Some of the birds seen during the morning at San Pedro

 Meadow Pipit

Grey Wagtail ...

 ... and another of the same bird

Ruff ...

 ... and a different Ruff


 Winter plumage adult Slender-billed Gull

 Flock of Serins

Part of the same flock

Record shot of the colour ringed Little Stint

Common Redshank

 Mixed group of Sanderling and Little Stint

More Little Stints

 Sanderling with a Little Stint that seemed to have its tail permanently stuck up in the air ...

 ... as these photos show ...

... and again

 Spotted Redshank

San Pedro wouldn't be San Pedro without its Flamingos! ...

 ... or indeed its Black Winged Stilts - here a juvenile

At the moment there's a fair smattering of Ruffs

Sunday I kept a little more local, having a look in some farm reservoirs, the old sewage farm at El Algar and having a wander along the 'rambla de Albujon' to see if the cold weather had done anything to the local birds.  Farm reservoirs (if accessible) are worth a look in at this time of year for the ducks they might contain, and indeed one I looked at had a flock of 110 Common Pochard, 3 male Ferruginous Ducks and a male Pochard/Ferruginous hybrid in it, so I felt I'd hit the jackpot.

 Part of the flock of Common Pochard ...

... which also held three of these very smart male Ferruginous Ducks ...

 ... plus a smart looking male Pochard/Ferruginous hybrid, seen here with a female Common Pochard ...

... and here with a male Common Pochard

The old sewage farm was much quieter - no waders although there was still a little bit of water in it from the last rains, a couple of Booted Eagles circling in the distance, a couple of Skylarks flew over, a single Hoopoe and a couple of Southern Grey Shrikes.

My main reason for the walk up the 'rambla de Albujon' was to see if I could find any Penduline Tits, and to try and photograph Bluethroats.  Well there was no luck with the Penduline's although I did have a couple of Reed Buntings (sound very similar), plus the Cetti's and Fan-tailed Warblers, and I drew a blank with the Bluethroats, but that may have had something to do with the 4 trials bikes that were noisily all over the area.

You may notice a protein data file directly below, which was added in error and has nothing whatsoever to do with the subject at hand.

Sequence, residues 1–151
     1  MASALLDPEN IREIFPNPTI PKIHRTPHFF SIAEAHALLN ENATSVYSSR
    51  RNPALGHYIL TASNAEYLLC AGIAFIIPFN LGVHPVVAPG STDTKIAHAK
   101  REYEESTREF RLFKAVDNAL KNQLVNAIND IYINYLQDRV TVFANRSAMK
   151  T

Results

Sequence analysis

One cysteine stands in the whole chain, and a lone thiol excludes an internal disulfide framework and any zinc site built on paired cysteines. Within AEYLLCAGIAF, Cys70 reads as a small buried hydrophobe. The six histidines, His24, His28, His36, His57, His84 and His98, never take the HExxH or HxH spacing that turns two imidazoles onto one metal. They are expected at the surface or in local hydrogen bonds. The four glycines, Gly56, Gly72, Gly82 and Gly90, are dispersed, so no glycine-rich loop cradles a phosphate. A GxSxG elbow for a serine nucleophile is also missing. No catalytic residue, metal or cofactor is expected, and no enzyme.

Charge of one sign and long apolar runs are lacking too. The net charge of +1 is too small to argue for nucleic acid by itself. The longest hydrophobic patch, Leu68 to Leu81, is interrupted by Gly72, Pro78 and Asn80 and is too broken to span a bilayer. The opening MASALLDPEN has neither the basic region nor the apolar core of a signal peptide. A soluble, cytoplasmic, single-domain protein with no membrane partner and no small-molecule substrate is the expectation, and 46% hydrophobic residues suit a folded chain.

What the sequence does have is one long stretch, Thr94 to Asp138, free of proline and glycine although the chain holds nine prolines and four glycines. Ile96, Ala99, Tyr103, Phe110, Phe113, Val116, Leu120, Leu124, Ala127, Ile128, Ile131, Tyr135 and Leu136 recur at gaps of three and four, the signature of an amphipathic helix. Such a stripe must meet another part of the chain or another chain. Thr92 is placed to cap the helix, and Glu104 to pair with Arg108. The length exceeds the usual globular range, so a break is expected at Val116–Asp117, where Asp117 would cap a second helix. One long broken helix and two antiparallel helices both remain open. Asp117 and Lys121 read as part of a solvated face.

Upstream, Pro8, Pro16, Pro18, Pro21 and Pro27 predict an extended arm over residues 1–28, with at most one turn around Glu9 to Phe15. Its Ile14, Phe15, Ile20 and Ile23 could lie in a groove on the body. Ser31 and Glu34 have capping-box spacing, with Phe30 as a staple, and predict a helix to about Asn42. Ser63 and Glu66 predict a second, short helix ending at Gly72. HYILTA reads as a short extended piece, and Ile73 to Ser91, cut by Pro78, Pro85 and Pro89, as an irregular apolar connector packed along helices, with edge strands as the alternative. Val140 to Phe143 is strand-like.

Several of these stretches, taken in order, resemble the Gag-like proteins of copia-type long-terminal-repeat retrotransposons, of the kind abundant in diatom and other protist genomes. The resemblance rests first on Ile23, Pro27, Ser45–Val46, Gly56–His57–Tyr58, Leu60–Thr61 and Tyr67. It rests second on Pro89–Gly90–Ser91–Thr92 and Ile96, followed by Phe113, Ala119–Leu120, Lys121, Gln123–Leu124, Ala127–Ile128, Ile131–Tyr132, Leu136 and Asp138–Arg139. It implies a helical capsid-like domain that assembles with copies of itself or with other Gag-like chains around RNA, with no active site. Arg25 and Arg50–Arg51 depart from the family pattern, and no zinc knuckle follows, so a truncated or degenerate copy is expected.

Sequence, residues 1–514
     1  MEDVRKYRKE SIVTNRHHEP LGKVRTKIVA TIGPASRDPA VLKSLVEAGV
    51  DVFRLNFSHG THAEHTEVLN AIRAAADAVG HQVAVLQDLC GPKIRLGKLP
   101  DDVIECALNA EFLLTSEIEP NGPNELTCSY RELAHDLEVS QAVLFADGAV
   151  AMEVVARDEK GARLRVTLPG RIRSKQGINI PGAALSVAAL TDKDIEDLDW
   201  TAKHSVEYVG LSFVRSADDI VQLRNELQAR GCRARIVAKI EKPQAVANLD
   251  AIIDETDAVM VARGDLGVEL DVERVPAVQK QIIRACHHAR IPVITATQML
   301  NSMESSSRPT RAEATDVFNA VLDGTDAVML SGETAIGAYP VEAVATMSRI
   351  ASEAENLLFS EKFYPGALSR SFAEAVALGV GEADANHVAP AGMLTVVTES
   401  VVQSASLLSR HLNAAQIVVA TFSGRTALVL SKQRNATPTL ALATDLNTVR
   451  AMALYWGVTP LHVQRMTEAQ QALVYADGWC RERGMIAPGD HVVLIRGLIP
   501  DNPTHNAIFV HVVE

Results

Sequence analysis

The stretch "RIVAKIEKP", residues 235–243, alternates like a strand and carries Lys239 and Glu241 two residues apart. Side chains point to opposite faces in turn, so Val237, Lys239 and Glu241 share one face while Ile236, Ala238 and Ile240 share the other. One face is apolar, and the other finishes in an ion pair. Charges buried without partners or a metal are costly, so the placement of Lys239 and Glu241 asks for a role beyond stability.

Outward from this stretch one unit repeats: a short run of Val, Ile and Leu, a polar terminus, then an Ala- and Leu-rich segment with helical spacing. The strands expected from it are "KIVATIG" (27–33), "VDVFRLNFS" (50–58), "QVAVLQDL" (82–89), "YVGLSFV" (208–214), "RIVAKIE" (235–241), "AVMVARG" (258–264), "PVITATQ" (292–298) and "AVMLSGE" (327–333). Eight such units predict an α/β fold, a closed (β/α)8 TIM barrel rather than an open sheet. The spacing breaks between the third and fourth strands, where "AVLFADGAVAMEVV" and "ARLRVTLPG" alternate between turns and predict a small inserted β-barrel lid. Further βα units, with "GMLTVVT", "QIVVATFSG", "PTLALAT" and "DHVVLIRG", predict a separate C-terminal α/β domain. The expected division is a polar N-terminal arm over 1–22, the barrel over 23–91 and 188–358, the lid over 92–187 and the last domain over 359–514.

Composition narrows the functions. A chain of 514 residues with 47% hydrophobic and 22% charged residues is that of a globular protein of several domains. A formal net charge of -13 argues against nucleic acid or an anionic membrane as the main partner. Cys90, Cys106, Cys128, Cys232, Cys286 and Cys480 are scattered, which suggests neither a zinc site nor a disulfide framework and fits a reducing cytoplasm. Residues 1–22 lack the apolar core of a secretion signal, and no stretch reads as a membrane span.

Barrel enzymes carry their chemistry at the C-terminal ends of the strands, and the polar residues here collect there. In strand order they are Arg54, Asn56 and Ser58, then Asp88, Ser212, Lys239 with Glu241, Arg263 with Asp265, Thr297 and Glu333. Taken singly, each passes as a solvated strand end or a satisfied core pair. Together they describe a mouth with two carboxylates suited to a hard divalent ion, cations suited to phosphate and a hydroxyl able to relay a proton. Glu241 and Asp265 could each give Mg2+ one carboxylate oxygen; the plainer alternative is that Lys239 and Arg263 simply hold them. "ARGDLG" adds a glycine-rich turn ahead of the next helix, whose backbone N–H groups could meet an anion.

Out on the Mar Menor, I checked for scoter, but just had Cormorants, Great Crested and Black Necked Grebes.

And that's about it for the moment, so until my next report, good birding!!



  1. Hi Richard , I was down at San Pedro Salinas on Sunday and read the ring on one of the Flamingos. it is MXOZ, I don't know what to do with this information so I will pass it onto you whenever I can read. The canal which goes from the start of the salinas on the left going back to El Majon is alive with small birds at the moment . Water pipit, Cettis, Fantailed, Subalpine, Reed bunting, Grey wags and Crag martins. Thanks again for your posts. Geoff. Stokes.

    1. Hi Geoff, Thanks for the information and ring number. I'll send it off which my next batch, but it may take some time to get a reply - I sent off some ring readings a couple of months ago and have heard nothing yet. Probably something to do with government cutbacks - less people working in the ringing office.
      Please feel free to send me any other readings of flamingos or any birds - but specifically in the case of flamingos, it's necessary to know the colour of the ring, and colour of the lettering. Also helpful is which leg the ring is on, and whether the lettering is read up or down. It's just possible that with all the different countries ringing schemes ringing flamingos, some could be duplicated but there's normally something that can be used to tell them apart. I am assuming the ring you read was black lettering on a white (or off-white) background.
      A note about the birds in the canal - I think the Subalpine may be a mis-identification as it'd be VERY unusual to have them here at this time of year - a female Sardinian maybe?
      All the best, Richard.

  2. I'm flying out for a few days birding on the 6th Dec so will be keeping an eye on what you see about :-)

    1. Hi, that's the weekend I'll (hopefully) be up at Gallocanta seeing zillions of Cranes so I won't be able to catch up with you.
      Murcia's relatively quiet at the moment - the little bit of sea passage from Cabo de Palos, and the Richard's Pipits at Los Nietos are probably the most interesting. All the rest of the action seems to be at El Hondo, with the G.S.Eagles, Booted Eagle, Osprey, Glossy Ibis and Cranes, but I'll try to let you know if I hear of anything nearer the date.

    2. Cheers :-) I will be staying at Cabo Roig, flying back on the 11th. I try to come out twice a year birding and again once or twice with family so I can only dabble then. I visited El Hondo in March and thoroughly enjoyed it.

  3. If it's about i'm sure Richard will know about it.